I never made the connection that my poor intestinal health could affect my brain health. I was also unaware the antibiotics taken during childhood killed most of my good gut bacteria. Once my gut started to heal, the most exciting changes were in my thoughts and behaviors. The desire to over-exercise, and my anxiety and obsessive-compulsive behaviors diminished. All my eating disorder thoughts and behaviors left. I was so relieved to be able to learn and trace the actual cause of what led to all of these behaviors! All I needed to do was get change my biochemistry by eating real food. The knowledge of the gut-brain connection was the missing puzzle piece for me.

The incredible power of good nutrition

Shortly after meeting with my nutritionist at Nutritional Weight & Wellness, I was driving home from work and started to head to the gym. All of a sudden I thought to myself, “I don’t have to go to the gym today!!!” I drove home crying knowing that I had reached complete freedom. Keep in mind that in the past, nothing would stop me from going to the gym. I used to drive through awful weather (even a blizzard) to get to there. This is when I realized how powerful nutrition is.


Now I eat food that is compatible with my body and brain.

Anorexia-CompulsiveExercise_BalancedPlate.jpgEating animal protein 5 times a day has made a tremendous difference in my brain health, which supports my moods. Eating balanced meals 5-6 times a day is key for me. I always think PFC: protein, fats, and carbohydrates in the form of mostly veggies at every meal and snack. I find the fats so important for me to heal all the damage done to my cells over the years.

I feel more confident in my clothes, as I restored to a healthy weight and have had no problems maintaining that.

In addition to healing my gut, anxiety, compulsive exercising and anorexia, nutrition has healed me in many other ways. I reversed my osteoporosis, my back pain went away, and I can sleep through the night. I feel free, healthier, and happier. I never dreamed that talking to someone about my nutrition would make such a difference in my life.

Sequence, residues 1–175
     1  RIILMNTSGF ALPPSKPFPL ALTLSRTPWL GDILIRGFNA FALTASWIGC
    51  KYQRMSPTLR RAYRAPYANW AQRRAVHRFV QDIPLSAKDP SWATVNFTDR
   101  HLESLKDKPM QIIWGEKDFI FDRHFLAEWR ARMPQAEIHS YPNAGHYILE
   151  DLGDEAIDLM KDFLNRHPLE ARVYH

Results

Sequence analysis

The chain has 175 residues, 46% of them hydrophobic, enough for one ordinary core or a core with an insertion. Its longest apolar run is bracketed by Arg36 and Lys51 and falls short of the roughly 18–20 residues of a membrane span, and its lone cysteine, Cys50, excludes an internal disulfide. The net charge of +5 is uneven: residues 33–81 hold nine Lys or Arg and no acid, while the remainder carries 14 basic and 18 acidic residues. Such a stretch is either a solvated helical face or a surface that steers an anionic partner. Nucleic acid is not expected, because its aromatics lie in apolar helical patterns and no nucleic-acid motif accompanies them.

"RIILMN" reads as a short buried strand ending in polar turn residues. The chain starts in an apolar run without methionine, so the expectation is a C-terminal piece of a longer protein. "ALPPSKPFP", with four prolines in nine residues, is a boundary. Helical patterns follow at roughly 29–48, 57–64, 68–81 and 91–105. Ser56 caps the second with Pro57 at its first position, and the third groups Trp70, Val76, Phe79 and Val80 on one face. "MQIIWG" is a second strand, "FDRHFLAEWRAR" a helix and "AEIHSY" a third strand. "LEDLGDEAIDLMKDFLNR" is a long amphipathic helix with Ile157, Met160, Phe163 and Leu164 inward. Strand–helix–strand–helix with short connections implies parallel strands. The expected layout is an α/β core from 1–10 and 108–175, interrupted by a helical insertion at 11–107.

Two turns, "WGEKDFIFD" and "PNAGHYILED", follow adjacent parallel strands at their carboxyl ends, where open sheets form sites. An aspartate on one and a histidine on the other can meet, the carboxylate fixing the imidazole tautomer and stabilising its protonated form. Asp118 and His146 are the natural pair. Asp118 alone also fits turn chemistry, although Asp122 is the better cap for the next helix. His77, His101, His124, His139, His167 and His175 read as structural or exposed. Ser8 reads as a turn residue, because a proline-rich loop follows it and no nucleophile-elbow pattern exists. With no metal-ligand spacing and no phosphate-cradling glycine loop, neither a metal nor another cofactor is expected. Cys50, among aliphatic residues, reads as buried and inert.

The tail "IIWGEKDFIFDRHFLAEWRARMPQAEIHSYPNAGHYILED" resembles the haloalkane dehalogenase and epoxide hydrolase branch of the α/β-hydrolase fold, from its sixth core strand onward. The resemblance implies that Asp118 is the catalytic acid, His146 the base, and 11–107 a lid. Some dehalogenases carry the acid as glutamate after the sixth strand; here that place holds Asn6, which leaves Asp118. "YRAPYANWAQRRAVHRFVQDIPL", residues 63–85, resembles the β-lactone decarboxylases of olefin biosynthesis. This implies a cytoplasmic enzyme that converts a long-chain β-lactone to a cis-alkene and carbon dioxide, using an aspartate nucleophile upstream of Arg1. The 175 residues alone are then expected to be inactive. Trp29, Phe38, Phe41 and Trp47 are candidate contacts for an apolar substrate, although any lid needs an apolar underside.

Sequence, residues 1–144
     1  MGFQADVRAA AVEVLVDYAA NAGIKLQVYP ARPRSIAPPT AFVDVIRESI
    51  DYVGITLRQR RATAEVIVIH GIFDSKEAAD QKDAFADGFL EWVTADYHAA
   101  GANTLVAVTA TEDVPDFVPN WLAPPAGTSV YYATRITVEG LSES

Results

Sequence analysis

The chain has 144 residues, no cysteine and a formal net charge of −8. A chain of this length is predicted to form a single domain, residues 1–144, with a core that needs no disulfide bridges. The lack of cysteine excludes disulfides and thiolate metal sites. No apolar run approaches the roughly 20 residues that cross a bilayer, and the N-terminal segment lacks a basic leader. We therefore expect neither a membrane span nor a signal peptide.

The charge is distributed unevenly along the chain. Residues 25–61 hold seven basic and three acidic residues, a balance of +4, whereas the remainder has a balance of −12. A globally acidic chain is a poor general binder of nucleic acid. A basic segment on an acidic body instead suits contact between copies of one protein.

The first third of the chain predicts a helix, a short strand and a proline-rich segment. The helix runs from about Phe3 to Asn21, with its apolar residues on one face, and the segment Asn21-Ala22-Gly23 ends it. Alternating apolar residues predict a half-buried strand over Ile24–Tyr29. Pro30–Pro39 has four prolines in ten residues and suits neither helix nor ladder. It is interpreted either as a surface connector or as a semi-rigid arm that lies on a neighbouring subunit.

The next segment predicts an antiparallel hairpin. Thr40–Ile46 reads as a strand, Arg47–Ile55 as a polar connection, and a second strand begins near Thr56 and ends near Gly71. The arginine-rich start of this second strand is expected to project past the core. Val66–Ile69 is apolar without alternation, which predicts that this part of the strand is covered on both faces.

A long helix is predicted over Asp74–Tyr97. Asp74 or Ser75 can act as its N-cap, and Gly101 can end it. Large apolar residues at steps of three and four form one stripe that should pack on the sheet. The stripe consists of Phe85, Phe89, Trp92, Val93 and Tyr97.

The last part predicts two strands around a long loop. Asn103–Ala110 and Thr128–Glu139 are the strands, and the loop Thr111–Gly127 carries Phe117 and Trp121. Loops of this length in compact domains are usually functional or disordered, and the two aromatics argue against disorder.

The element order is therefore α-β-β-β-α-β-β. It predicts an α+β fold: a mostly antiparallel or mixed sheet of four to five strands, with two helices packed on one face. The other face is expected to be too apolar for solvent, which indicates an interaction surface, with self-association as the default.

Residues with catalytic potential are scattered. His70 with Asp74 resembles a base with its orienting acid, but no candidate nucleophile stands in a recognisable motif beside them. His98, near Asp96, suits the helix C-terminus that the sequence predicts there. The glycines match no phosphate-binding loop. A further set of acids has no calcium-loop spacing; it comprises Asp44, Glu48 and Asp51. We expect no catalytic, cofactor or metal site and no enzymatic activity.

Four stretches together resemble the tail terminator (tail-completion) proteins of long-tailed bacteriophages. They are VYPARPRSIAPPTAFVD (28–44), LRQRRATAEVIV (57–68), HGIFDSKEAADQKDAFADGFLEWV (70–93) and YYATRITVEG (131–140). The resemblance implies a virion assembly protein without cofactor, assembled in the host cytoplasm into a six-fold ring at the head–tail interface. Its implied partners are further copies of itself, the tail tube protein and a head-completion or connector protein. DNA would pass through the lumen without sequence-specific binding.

For more information on intestinal health and eating disorders, listen to the September 12, 2015 podcast of Dishing Up Nutrition with special guest Jennifer Schmid.

About the author

Jennifer battled anorexia and compulsive exercising for more than 20 years. She was considered to be anorexic, but the bigger problem for her was addictive, excessive exercise. After addressing her intestinal health and nutrition, she is free of her eating disorder and compulsive exercising.

View all posts by Jennifer Schmid


Sherry Ridge
Hi Jenny I commend your story. I can relate to you. I never tried to starve myself but I've become very skinny in my thirties due to health problems with a pinched nerve in my neck and a low Vitamin-D level. I've never been good with my eating; either too much or hardly at all. Thanks for sharing your story. I'm trying to get healthy again.
July 8, 2016 at 7:06 pm

Wow! I'm so happy for you Jennifer! I just watched your story on Nova: Dying to be thin. You are inspirational. Keep being a light for those suffering with eating disorders. I happened down that road 3 decades ago on my Freshman and Sophomore year of high school. The Nova documentary is truly THE BEST and most informative doc I've seen on eating disorders thus far. God Bless and keep you! :)
September 12, 2017 at 7:21 pm